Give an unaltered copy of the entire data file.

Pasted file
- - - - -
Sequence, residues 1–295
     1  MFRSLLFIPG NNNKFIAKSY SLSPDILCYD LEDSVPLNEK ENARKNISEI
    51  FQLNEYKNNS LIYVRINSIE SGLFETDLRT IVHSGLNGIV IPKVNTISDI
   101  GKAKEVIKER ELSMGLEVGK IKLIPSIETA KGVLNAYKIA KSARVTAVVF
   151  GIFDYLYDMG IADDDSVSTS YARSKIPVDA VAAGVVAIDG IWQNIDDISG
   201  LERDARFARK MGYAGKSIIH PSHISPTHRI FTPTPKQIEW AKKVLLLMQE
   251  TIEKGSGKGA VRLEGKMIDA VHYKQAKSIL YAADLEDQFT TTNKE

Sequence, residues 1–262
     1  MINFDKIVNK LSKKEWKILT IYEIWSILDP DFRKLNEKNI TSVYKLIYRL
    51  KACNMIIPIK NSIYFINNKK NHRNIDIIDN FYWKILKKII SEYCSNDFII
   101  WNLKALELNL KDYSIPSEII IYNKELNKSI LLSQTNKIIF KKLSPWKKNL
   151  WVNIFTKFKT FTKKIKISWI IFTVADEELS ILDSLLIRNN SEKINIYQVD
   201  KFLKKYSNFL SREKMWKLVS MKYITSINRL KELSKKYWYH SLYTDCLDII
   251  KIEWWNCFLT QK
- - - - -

Sequence, residues 1–295
     1  MFRSLLFIPG NNNKFIAKSY SLSPDILCYD LEDSVPLNEK ENARKNISEI
    51  FQLNEYKNNS LIYVRINSIE SGLFETDLRT IVHSGLNGIV IPKVNTISDI
   101  GKAKEVIKER ELSMGLEVGK IKLIPSIETA KGVLNAYKIA KSARVTAVVF
   151  GIFDYLYDMG IADDDSVSTS YARSKIPVDA VAAGVVAIDG IWQNIDDISG
   201  LERDARFARK MGYAGKSIIH PSHISPTHRI FTPTPKQIEW AKKVLLLMQE
   251  TIEKGSGKGA VRLEGKMIDA VHYKQAKSIL YAADLEDQFT TTNKE

Sequence, residues 1–262
     1  MINFDKIVNK LSKKEWKILT IYEIWSILDP DFRKLNEKNI TSVYKLIYRL
    51  KACNMIIPIK NSIYFINNKK NHRNIDIIDN FYWKILKKII SEYCSNDFII
   101  WNLKALELNL KDYSIPSEII IYNKELNKSI LLSQTNKIIF KKLSPWKKNL
   151  WVNIFTKFKT FTKKIKISWI IFTVADEELS ILDSLLIRNN SEKINIYQVD
   201  KFLKKYSNFL SREKMWKLVS MKYITSINRL KELSKKYWYH SLYTDCLDII
   251  KIEWWNCFLT QK